The focus of our research is intelligent control in biology and engineering.
We believe that the key to achieving dynamic intelligence is optimization.
In biology, motor behavior is shaped by processes (evolution, learning, adaptation)
that resemble iterative optimization .
In engineering, perhaps the best way to build a truly complex
controller that actually works is to specify a high-level performance criterion,
and leave the details of the design process to numerical optimization
We are pursuing multiple lines of research spanning many traditional disciplines:
control engineering, computer science, robotics, neuroscience, psychology, (bio) mechanics, applied mathematics.
Despite their interdisciplinary nature, all these efforts are aimed at a common goal:
understanding and synthesizing dynamic intelligence through learning and optimization.
NEWS ARTICLES ABOUT OUR WORK:
CONTROL THEORY THAT ENABLES FASTER ALGORITHMS
The trouble with control optimization is that it is easier said than done. For a system with
many degrees of freedom (such as a modern robot or a human body) the space of possible
control strategies is vast, and finding a sensible (let alone optimal) solution automatically
requires a staggering amount of computation. Computers have gotten really fast, and the multi-core
revolution is great news because the necessary computations are inherently parallel.
Nevertheless we need equally fast algorithms if we are to apply optimal control methodology to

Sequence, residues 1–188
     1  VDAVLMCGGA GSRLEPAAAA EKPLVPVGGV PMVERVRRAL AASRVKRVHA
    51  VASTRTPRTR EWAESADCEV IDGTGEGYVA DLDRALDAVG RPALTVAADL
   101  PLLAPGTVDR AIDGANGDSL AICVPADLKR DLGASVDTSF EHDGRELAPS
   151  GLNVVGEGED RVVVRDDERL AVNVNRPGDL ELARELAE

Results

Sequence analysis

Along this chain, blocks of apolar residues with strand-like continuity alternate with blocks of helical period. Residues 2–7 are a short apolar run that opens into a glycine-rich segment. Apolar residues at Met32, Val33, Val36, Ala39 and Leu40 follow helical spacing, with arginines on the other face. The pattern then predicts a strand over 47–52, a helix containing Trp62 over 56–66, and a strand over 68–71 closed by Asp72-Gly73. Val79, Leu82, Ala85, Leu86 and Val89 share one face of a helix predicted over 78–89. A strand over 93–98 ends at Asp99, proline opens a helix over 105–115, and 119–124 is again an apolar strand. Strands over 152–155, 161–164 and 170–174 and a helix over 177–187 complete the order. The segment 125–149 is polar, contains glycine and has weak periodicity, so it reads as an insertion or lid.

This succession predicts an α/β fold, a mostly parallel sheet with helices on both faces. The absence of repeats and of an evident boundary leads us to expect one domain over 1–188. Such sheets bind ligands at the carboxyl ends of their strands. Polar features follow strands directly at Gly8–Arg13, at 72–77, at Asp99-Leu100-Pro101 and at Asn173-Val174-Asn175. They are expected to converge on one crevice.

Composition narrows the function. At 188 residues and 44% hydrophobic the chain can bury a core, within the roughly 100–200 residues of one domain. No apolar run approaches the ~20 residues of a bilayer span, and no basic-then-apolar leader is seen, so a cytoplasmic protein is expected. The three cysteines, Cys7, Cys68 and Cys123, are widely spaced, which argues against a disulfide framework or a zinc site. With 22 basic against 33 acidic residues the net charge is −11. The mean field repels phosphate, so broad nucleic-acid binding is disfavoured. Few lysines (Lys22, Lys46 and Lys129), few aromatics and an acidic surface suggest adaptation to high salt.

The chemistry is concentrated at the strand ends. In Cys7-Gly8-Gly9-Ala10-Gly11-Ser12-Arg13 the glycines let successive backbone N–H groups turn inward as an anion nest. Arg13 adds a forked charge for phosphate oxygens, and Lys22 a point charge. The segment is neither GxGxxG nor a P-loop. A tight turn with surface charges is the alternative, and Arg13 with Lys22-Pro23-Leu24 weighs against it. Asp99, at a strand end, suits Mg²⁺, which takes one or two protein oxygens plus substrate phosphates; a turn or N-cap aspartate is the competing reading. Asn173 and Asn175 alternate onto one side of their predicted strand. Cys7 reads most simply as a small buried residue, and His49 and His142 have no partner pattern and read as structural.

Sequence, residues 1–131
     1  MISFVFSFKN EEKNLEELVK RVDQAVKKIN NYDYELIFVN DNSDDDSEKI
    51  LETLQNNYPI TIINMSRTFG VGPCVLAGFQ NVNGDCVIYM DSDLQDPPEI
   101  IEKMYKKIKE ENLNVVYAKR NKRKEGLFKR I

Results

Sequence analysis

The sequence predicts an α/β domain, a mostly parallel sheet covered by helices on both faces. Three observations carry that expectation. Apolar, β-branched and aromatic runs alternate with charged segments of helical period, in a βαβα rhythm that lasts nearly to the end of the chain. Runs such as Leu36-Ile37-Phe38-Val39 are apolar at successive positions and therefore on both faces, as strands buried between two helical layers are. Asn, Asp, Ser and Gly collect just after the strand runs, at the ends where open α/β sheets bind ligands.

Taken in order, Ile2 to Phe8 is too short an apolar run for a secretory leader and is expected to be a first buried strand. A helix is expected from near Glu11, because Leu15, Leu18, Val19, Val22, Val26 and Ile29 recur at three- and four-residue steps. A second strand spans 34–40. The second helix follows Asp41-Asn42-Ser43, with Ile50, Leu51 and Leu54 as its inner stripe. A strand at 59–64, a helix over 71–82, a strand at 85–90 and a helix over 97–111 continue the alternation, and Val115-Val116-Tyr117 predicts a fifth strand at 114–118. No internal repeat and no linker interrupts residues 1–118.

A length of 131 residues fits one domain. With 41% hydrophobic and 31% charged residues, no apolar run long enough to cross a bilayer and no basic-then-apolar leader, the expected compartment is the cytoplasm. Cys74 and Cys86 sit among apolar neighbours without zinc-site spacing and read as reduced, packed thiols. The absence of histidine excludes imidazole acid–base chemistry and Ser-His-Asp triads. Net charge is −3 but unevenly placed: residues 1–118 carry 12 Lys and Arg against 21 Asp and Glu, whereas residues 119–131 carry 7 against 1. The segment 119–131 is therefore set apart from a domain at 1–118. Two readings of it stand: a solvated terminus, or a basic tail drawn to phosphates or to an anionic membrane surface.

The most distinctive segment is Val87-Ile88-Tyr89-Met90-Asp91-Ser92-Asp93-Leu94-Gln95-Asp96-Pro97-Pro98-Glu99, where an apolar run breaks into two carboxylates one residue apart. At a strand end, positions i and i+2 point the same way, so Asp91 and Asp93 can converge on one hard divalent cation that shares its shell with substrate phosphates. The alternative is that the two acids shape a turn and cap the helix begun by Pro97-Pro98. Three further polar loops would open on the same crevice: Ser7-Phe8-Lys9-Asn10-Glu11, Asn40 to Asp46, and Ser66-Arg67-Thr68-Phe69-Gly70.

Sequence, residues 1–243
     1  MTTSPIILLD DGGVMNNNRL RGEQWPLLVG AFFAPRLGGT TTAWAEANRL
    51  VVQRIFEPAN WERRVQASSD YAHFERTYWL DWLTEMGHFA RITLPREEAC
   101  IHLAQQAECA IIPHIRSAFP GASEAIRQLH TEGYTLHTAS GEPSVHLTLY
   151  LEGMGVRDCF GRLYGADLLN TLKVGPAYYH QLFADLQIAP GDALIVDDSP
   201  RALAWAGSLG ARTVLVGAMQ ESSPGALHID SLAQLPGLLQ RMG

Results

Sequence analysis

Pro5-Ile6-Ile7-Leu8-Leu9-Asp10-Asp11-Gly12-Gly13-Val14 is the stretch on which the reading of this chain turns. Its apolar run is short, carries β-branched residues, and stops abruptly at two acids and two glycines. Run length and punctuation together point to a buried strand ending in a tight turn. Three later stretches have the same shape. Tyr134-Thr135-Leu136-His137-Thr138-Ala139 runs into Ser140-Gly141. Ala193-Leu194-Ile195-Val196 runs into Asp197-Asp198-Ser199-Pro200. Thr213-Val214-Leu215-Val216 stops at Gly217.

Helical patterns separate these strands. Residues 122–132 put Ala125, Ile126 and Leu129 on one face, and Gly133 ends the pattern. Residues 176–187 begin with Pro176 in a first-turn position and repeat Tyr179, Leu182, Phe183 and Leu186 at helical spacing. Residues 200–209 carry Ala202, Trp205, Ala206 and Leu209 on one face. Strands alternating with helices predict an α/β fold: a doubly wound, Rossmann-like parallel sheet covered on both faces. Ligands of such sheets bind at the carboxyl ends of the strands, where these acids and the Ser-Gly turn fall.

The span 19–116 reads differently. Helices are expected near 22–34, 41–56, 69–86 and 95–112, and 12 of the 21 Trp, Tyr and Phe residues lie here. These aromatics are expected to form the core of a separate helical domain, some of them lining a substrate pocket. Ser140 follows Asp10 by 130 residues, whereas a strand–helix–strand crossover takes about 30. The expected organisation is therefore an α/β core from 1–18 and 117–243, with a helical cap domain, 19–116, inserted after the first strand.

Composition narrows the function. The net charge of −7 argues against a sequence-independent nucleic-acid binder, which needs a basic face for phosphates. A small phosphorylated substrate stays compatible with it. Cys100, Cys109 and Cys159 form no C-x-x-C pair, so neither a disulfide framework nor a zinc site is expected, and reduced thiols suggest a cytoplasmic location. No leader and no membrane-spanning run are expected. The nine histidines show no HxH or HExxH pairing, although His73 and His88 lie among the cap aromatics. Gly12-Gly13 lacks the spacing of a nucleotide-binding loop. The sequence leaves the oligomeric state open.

complex dynamical systems. Developing such algorithms as well as the underlying control theory
has been a major focus of our work. This includes local trajectory-based methods ,
global function-approximation methods ,
hierarchical control methods , and a new framework for
stochastic optimal control which makes the problem linear even though the system being controlled
is non-linear . We are now starting to apply our
algorithms to hard control problems in robotics and biomechanics, namely legged locomotion and hand manipulation.
At the same time we will continute to develop new theory and algorithms tailored to these application domains.
Here are some movies illustrating the rich behaviors that can be generated fully automatically
using our algorithms:
swimming. The only thing that is designed manually here
is an intuitive cost function - which prescribes spatial targets for the end-effector or center of mass, and
penalizes control energy. The details of the behavior then emerge from the optimization procedure.
ROBOT DESIGN AND CONTROL
In order to do interesting robotics one needs interesting robots - in particular robots
that have many controllable degrees of freedom along with sufficient sensing capabilities,
and are fast and compliant enough so that they can interact with the world the way we do. To meet these
requirements, we have designed and built 3-dof modular legs and fingers (ModBots) that can be assembled
into various walkers and manipulators. The finger modules shown in the figure are equipped with 3-axis
force sensors in the fingertips and potentiometers in the joints, and can move substantially faster than a human finger.
We have also acquired some of the most advanced pneumatic robots available (ShadowHand and Kokoro). We found
that pneumatic actuators are easy to work with ,
contrary to popular belief. See movies of
full-body tracking and
on the humanoid robot, and
high-performance tracking on a simpler pneumatic robot.
On the control side, in addition to applying and customizing our latest algorithms,
we are excited about the idea of online optimization or model-predictive control.
This involves re-optimizing the movement plan at every time step of the real-time control loop, always starting
from the current state. See a movie of our robot
juggling two balls
using online optimization . The above
swimming behavior was also generated
using a similar approach . A big open question is what happens